Monday, June 9, 2014

Review of PROOF by Daniel Montgomery and Timothy Paul Jones

Calvinism has often been reduced to its five points, represented by the acronym TULIP. But many Calvinists throughout history have seen this acronym as unfortunate because it's not quite as representative of the theology of Calvinism as it was originally intended. Alternative acronyms have been suggested, and PROOF is the most recent. PROOF by Daniel Montgomery and Timothy Paul Jones looks at traditional Calvinist theology in a fresh new light and seeks to reveal the five core truths of Calvinism through a whole new framework. PROOF stands for...
Planned Grace
Resurrecting Grace
Outrageous Grace
Overcoming Grace
Forever Grace

As you can see, the common thread is grace. Enter any Calvinist discussion, and you will hear the word grace mentioned perhaps more than any other word. Certainly, God's grace is amazing as the song tells us, and Montgomery and Jones seek to illuminate the complexities of God's grace so that people will love and appreciate him and what he's done even more.

I'm not a Calvinist, and that's not a decision I've ever made without some serious investigation. But many of my favorite theologians and teachers are Calvinists. There's much about this book that I love. It seeks to show God as the savior of his people, and I believe that's true. However, since this is a book about God's grace, I find some of their conceptions of God's grace troubling. Calvinism, no matter how you dress it, is about God giving his grace to some while withholding it from others. And this decision of who isn't based on anything the person does or will do, and although Calvinists will often deny it, the decision is random because there's nothing to differentiate the people God creates. They're all equal and all desperately in need of God's grace. That puts them all on a level playing field. Without anything to differentiate them, God picks some at random to bestow his grace upon and some to withhold it from. While PROOF is meant to be a book about the love and grace of God, it portrays God in some instances as someone who rejoices in destroying some of the people he creates simply because it was his sovereign choice. This doesn't accurately reflect the God of the Bible.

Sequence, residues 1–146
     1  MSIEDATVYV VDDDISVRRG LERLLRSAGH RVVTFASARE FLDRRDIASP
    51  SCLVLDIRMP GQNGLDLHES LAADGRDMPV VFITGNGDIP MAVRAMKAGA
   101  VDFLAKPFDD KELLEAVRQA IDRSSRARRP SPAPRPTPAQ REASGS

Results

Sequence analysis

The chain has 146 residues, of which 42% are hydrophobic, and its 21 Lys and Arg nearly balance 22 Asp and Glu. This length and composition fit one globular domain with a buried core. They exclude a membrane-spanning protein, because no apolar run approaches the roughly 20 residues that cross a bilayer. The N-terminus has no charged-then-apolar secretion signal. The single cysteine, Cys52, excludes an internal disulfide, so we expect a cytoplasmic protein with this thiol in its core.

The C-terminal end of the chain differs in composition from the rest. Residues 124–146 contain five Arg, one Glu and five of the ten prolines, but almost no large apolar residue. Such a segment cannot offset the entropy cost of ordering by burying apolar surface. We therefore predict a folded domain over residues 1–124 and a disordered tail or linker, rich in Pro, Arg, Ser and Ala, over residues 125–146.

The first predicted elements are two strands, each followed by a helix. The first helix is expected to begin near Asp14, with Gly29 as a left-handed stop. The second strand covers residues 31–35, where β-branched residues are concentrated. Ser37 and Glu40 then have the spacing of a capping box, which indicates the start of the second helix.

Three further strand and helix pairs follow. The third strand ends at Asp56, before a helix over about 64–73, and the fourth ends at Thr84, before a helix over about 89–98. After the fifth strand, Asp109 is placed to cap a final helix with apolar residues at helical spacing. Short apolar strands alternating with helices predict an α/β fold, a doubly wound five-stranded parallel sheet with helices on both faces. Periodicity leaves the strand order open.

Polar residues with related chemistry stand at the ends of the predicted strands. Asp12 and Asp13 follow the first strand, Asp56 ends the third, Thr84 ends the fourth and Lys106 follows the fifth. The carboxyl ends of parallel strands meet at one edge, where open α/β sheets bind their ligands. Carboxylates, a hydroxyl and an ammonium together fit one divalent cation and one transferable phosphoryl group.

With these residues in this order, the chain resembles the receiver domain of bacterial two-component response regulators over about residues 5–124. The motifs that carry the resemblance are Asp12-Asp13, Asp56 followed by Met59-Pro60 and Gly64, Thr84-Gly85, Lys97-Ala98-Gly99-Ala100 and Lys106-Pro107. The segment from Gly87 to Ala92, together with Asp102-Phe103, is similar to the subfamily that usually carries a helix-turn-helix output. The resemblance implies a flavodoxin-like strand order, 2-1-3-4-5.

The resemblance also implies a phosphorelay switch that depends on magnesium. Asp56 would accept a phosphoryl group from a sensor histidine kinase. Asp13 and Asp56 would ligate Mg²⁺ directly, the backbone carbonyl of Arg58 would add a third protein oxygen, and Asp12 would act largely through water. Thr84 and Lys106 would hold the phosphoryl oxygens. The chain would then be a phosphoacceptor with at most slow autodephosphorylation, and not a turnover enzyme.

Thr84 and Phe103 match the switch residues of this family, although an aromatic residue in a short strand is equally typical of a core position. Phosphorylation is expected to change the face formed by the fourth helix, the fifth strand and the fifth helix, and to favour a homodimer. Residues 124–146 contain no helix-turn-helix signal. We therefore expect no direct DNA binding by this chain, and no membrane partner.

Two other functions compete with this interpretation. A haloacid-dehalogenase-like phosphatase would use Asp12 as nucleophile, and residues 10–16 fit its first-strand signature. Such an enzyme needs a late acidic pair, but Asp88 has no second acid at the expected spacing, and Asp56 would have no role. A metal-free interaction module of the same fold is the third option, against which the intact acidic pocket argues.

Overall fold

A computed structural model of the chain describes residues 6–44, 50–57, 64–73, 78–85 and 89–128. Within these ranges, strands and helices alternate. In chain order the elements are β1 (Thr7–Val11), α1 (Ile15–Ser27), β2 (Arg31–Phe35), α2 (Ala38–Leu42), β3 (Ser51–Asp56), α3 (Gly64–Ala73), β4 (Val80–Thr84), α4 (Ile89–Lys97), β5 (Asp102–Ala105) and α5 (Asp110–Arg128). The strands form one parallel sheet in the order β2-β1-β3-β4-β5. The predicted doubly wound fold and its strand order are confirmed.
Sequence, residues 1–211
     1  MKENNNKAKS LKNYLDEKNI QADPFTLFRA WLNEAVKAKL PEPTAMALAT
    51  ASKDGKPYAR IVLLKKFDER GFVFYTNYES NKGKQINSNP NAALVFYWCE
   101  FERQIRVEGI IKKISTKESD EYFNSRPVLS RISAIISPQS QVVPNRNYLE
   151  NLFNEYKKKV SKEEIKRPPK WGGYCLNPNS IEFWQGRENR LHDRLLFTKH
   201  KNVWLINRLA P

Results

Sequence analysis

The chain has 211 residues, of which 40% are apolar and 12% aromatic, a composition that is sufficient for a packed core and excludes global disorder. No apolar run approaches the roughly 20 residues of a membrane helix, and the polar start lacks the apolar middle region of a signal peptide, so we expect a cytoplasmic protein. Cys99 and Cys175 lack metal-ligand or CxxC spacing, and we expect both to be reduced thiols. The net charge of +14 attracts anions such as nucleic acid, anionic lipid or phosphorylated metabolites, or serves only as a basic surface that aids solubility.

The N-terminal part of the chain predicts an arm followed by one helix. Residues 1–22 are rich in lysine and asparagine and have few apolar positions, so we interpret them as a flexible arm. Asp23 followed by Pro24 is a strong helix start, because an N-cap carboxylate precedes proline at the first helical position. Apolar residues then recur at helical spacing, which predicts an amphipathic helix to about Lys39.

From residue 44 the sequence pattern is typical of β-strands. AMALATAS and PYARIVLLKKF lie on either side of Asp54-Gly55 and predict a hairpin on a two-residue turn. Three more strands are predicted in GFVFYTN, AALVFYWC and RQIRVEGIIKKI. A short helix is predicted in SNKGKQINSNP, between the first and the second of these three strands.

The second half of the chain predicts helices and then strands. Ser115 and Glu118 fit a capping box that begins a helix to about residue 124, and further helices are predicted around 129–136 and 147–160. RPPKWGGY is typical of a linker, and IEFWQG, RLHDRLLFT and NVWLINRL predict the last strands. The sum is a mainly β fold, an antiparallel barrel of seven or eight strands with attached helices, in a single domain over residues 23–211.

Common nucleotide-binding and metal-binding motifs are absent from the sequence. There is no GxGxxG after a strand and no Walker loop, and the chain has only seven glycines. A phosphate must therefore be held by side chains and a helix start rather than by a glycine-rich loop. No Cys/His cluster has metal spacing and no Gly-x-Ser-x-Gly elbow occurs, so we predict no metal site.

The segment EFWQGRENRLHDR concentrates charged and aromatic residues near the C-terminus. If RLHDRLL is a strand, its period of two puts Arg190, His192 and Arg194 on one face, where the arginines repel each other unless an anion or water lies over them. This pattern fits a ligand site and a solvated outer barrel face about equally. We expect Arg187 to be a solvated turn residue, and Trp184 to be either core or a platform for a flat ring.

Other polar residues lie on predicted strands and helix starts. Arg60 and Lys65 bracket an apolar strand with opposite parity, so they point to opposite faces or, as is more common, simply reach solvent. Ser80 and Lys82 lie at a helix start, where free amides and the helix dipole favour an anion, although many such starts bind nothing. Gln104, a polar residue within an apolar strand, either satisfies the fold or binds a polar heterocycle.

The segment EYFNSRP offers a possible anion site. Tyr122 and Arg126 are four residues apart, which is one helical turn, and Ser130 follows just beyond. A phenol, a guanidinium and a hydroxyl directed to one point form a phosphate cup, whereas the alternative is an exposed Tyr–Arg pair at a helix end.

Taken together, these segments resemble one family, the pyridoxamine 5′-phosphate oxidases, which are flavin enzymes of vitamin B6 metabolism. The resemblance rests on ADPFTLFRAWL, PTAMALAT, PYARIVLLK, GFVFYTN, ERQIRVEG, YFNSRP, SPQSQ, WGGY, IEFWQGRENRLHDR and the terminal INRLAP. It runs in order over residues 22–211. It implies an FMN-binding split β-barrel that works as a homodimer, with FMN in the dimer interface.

God can do what he wants, and I think we can all agree on that. But where I disagree with Calvinism is what God wants. The way Calvinists dodge the passages of the Bible that state that God wants to save all people just doesn't do the text justice.

While I think the core theology this book is based on is flawed in some areas, I did enjoy reading PROOF. The authors include some very illuminating personal stories, and I believe they are people who love Jesus and want to see his gospel spread.

Review copy provided by the publisher

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